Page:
FARMINGTON — When J.J. Otero, the lead singer, songwriter and guitarist of Saving Damsels, arrived at the awards ceremony for the Native American Music Awards Saturday night in Niagara Falls, N.Y., he was told to sit in the very back, about five rows from the exit. Otero didn't think they'd put a winner that far back, so he assumed Saving Damsels hadn't won.
The band's main competition came from The Joint Effect, an Oklahoma metal band. Otero said metal fans can get pretty competitive.
"When they get together in swarm, they can get stuff done," Otero said.
The announcers began reading through the names of the nominees for Best Rock Record. Then they listed the winner — Saving Damsels, an Albuquerque-based band. "Find My Way," the award-winning album, was the band's second album and a follow-up to its debut album, "Empty Rooms."
"I just yelled out a big old, Yeah!'" Otero said.
Then he started to walk up to the stage to accept the award, yelling "yeah!" the entire way.
Once up on the stage, Otero proceeded to give his acceptance speech, which he hadn't really prepared.
"I talked about my journey in music," Otero said.
Otero wrote his the music on the band's debut album telling his story about alcohol addiction. His girlfriend took their daughter and left him. Then Otero decided to change his life. By placing alcoholism behind him, he was able to start doing what he loves — creating music.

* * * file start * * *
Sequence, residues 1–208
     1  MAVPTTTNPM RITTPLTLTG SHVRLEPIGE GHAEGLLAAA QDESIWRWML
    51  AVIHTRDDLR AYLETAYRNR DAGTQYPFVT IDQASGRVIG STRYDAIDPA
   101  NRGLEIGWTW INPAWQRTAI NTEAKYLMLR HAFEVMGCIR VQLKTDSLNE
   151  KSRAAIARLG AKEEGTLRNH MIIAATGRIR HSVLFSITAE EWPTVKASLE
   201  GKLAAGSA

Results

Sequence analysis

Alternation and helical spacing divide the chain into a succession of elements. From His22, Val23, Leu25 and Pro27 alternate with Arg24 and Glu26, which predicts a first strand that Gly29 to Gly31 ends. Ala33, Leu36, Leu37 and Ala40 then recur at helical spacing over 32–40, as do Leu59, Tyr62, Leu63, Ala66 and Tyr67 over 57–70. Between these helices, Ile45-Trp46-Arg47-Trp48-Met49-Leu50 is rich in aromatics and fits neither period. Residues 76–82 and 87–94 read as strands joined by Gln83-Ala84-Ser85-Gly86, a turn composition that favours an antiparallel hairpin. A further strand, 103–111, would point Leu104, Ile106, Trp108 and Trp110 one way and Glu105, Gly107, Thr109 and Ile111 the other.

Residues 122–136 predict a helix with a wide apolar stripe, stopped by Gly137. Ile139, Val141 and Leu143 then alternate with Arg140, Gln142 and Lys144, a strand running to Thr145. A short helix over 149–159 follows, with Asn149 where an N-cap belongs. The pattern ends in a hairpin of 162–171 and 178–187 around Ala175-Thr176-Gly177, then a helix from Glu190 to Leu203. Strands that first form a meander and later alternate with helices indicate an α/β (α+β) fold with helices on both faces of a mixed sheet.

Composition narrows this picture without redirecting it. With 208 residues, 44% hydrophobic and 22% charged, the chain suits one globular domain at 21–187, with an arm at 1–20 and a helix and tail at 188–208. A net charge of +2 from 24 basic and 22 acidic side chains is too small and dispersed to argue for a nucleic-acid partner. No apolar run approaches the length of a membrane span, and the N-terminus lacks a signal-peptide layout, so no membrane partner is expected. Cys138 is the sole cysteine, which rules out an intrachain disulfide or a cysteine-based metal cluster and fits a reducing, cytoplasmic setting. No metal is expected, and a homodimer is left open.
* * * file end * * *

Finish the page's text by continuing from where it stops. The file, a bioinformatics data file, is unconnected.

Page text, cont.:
About seven years ago, he formed the band Saving Damsels and he decided to share his story through music.
"I felt like I didn't want to be anonymous about the fact that I have issues," Otero said.
While being in the band provides him with accountability, it also presents some challenges and temptations.
"We play a lot of bars," Otero said.
Often while the band is performing at these bars, there will be rounds of beer at stage. Otero refuses the beer and uses it as an opportunity to share his story.
"There is always hope in something," Otero said. "Everybody has a creator inside them."
Otero said this creator inside people enables them to make music or art. After tapping into this creator, Otero said things open up such as peace and happiness and even love.
While in New York for the awards, Otero said he had a spiritual experience at the Niagara River. While looking at it, he remembered some of the Buddhist teachings he has read about how the rivers have no memories.
Standing beside the river, Otero was able to let go of a lot of the stuff he did in his past and to look forward and enjoy the moment.
"I do believe that the present moment's all we have," Otero said.
Hannah Grover can be reached at firstname.lastname@example.org; 505-564-4652. Follow her on Twitter @hmgrover